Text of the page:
19 Assessing knowing how General Lessons learned! Does Shows how Competence is specific, not genericAssessment is as good as you are prepared to put into it.DoesShows howKnows howKnows howKnows
20 Assessing showing how Does 70-ies: Shows how Shows how Performance assessmentin vitro (OSCE)Shows howKnows howKnows howKnows
21 Key findings around OSCEs1 Performance on one station poorly predicted performance on another (many OSCEs are unreliable)Validity depends on the fidelity of the simulation (many OSCEs are testing testing fragmented skills in isolation)Global rating scales do well (improved discrimination across expertise groups; better intercase reliabilities; Hodges, 2003)OSCEs impacted on the learning of students1Van der Vleuten & Swanson, 1990
22 Reliabilities across methods Case-BasedShortEssay20.680.730.840.82TestingTime inHours1248MCQ10.620.760.93PMP10.360.530.690.82OralExam30.500.690.820.90LongCase40.600.750.860.90OSCE50.470.640.780.881Norcini et al., 19852Stalenhoef-Halling et al., 19903Swanson, 19874Wass et al., 20015Petrusa, 2002
24 Checklist or rating scale reliability in OSCE1 1Van Luijk & van der Vleuten, 1990
25 Assessing showing how Specific Lessons learned! Does Shows how OSCE-ology (patient training, checklist writing, standard setting, etc.; Petrusa 2002)OSCEs are not inherently valid nor reliable, that depends on the fidelity of the simulation and the sampling of stations (Van der Vleuten & Swanson, 1990).DoesShows howShows howKnows howKnows
26 Assessing showing how General Lessons learned! Does Shows how Objectivity is not the same as reliability (Van der Vleuten, Norman, De Graaff, 1991)Subjective expert judgment has incremental value (Van der Vleuten & Schuwirth, in prep)Sampling across content and jugdes/examiners is eminently importantAssessment drives learning.DoesShows howShows howKnows howKnows
27 Assessing does 90-ies: Performance assessment in vivo by judging work samples (Mini-CEX, CBD,MSF, DOPS, Portfolio)DoesDoesShows howShows howKnows howKnows
28 Key findings assessing does Ongoing work; this is where we currently areReliable findings point to feasible sampling (8-10 judgments seems to be the magical number; Williams et al 2003)Scores tend to be inflated (Govaerts et al 2007)Qualitative/narrative information is (more) useful (Govaerts et al 2007)Lots of work still needs to be doneHow (much) to sample across instruments?How to aggregate information?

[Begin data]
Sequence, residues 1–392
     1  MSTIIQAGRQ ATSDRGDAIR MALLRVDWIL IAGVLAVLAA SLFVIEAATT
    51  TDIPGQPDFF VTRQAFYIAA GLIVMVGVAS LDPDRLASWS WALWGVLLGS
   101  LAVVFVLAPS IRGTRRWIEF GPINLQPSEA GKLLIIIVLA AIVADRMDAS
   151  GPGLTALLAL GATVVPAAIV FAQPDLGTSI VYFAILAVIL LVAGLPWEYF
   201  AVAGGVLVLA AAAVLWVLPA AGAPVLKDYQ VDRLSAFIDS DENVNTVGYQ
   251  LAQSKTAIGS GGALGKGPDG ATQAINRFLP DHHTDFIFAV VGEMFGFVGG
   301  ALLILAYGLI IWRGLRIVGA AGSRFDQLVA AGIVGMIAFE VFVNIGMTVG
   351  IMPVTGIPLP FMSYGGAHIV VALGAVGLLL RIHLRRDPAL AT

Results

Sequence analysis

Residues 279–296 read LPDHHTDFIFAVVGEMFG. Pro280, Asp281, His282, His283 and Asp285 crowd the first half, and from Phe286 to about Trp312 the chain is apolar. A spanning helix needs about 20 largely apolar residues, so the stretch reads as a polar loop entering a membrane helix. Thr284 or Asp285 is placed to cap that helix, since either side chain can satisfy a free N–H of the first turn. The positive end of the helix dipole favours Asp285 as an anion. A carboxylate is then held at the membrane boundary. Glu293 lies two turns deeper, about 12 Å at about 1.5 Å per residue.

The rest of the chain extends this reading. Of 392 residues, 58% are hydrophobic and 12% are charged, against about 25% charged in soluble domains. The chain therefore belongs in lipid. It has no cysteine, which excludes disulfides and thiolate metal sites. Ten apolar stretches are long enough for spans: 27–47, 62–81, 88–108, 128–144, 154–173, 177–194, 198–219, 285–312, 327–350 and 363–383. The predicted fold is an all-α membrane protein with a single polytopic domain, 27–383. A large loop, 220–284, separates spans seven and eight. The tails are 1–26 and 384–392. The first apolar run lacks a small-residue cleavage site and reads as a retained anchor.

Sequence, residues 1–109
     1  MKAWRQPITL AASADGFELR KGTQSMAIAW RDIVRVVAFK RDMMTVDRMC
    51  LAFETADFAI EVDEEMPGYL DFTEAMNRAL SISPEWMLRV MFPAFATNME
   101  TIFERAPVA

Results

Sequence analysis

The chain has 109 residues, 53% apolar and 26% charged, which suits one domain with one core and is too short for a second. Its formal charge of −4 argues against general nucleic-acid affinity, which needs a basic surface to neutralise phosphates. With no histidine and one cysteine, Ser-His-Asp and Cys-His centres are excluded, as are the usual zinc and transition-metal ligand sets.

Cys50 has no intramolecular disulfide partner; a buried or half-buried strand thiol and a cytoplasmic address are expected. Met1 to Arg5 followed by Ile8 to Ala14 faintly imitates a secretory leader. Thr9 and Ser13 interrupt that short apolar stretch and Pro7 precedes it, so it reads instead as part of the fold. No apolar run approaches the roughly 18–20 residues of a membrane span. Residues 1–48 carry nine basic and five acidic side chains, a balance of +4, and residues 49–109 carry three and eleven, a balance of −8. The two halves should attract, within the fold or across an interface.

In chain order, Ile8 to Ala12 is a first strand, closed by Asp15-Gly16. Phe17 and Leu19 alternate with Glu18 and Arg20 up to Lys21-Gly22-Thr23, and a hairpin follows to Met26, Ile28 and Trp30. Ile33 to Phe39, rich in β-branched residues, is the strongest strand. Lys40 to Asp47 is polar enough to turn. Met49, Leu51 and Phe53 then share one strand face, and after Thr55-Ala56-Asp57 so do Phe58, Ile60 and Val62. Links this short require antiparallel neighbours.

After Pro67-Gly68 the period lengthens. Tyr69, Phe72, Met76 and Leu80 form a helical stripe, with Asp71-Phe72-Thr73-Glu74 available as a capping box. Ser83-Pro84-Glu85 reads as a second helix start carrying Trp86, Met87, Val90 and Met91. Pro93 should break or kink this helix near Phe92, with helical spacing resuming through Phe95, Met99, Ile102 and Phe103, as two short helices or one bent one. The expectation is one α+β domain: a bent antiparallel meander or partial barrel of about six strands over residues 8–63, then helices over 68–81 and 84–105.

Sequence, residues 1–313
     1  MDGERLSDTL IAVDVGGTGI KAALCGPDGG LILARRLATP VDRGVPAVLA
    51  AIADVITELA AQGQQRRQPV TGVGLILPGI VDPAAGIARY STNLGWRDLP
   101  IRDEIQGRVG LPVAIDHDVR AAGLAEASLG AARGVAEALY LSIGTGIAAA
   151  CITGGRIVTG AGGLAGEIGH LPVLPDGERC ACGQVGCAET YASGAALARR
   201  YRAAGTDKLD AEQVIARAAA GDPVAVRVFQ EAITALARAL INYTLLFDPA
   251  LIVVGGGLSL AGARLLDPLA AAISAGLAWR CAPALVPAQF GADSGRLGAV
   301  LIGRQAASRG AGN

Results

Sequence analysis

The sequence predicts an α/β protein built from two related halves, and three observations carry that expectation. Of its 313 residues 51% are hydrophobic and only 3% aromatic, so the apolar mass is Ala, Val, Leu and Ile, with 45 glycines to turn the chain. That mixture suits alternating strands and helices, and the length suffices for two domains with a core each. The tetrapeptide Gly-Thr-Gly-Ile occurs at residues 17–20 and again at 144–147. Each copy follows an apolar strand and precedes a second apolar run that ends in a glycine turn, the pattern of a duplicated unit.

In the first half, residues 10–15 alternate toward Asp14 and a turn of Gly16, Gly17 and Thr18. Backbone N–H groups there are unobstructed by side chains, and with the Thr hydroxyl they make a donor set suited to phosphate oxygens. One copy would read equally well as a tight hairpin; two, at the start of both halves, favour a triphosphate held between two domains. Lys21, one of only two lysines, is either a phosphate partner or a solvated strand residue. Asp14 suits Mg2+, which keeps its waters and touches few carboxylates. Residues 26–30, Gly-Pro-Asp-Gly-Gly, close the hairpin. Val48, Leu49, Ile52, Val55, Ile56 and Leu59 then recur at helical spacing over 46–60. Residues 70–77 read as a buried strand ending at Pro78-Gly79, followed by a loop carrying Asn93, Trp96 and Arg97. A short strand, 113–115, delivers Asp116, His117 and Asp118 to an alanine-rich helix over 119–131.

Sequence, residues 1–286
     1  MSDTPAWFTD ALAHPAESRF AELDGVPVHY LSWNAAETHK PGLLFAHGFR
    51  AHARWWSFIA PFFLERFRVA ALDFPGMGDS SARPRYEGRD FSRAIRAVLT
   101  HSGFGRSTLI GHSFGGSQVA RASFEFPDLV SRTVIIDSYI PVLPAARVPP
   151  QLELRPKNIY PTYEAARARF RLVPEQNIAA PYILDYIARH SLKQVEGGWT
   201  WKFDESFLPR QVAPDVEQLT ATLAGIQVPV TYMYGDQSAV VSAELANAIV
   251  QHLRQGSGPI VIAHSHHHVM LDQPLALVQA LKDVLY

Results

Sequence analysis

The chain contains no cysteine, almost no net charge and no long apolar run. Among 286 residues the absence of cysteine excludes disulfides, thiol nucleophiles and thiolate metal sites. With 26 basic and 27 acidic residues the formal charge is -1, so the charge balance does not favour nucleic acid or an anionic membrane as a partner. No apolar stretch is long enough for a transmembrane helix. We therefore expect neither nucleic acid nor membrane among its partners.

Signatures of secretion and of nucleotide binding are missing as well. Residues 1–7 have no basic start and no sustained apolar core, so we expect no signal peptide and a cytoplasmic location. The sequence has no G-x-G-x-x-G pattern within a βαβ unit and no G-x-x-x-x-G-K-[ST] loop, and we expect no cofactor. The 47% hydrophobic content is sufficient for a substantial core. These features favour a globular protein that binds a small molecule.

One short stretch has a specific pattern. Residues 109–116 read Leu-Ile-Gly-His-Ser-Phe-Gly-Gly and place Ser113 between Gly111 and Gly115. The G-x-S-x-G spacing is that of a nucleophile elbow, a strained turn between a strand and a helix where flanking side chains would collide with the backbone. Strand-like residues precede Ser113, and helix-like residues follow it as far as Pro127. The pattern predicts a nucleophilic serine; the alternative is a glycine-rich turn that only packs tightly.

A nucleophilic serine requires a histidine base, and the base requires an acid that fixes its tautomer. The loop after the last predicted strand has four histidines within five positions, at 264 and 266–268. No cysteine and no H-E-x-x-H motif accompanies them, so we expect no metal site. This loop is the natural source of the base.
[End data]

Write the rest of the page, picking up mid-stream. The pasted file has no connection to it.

29 Reliabilities across methods Case-BasedShortEssay20.680.730.840.82MiniCEX60.730.840.920.96PracticeVideoAssess-ment70.620.760.93In-cognitoSPs80.610.760.920.93TestingTime inHours1248MCQ10.620.760.93PMP10.360.530.690.82OralExam30.500.690.820.90LongCase40.600.750.860.90OSCE50.470.640.780.881Norcini et al., 19852Stalenhoef-Halling et al., 19903Swanson, 19874Wass et al., 20015Petrusa, 20026Norcini et al., 19997Ram et al., 19998Gorter, 2002
30 Assessing does Specific Lessons learned! Does Does Shows how Knows how Reliable sampling is possibleQualitative information carries a lot of weightAssessment impacts on work-based learning (more feedback, more reflection…)Validity strongly depends on the users of these instruments and therefore on the quality of implementation.DoesShows howKnows howKnows
31 Assessing does General Lessons learned! Does Does Shows how Knows how Work-based assessment cannot replace standardised assessment (yet), or, no single measure can do it all (Tooke report, UK)Validity strongly depends on the implementation of the assessment (Govaerts et 2007)But, there is a definite place for (more subjective) expert judgment (Van der Vleuten & Schuwirth, under ed review).DoesShows howKnows howKnows
32 Competency/outcome categorizations CanMedsrolesMedical expertCommunicatorCollaboratorManagerHealth advocateScholarProfessionalACGMEcompetenciesMedical knowledgePatient carePractice-based learning & improvementInterpersonal and communication skillsProfessionalismSystems-based practice
33 Measuring the unmeasurable “Domainindependent”skillsDoesShows howKnows howKnows“Domain specific” skills
34 Measuring the unmeasurable Importance of domain-independent skillsIf things go wrong in practice, these skills are often involved (Papadakis et 2005; 2008)Success in labour market is associated with these skills (Meng 2006)Practice performance is related to school performance (Padakis et al 2004).
36 Measuring the unmeasurable Self assessmentPeer assessmentCo-assessment (combined self, peer, teacher assessment)Multisource feedbackLog book/diaryLearning process simulations/evaluationsProduct-evaluationsPortfolio assessment
37 Eva, K. W., & Regehr, G. (2005). Self-assessment in the health professions: a reformulation and research agenda. Acad Med, 80(10 Suppl), S46-54.
38 Falchikov, N. , & Goldfinch, J. (2000) Falchikov, N., & Goldfinch, J. (2000). Student peer assessment in higher education: A meta-analysiscomparing peer and teacher marks. Review of Educational Research, 70(3),
39 Driessen, E. , van Tartwijk, J. , van der Vleuten, C. , & Wass, V Driessen, E., van Tartwijk, J., van der Vleuten, C., & Wass, V. (2007). Portfolios in medical education: why do they meetwith mixed success? A systematic review. Med Educ, 41(12),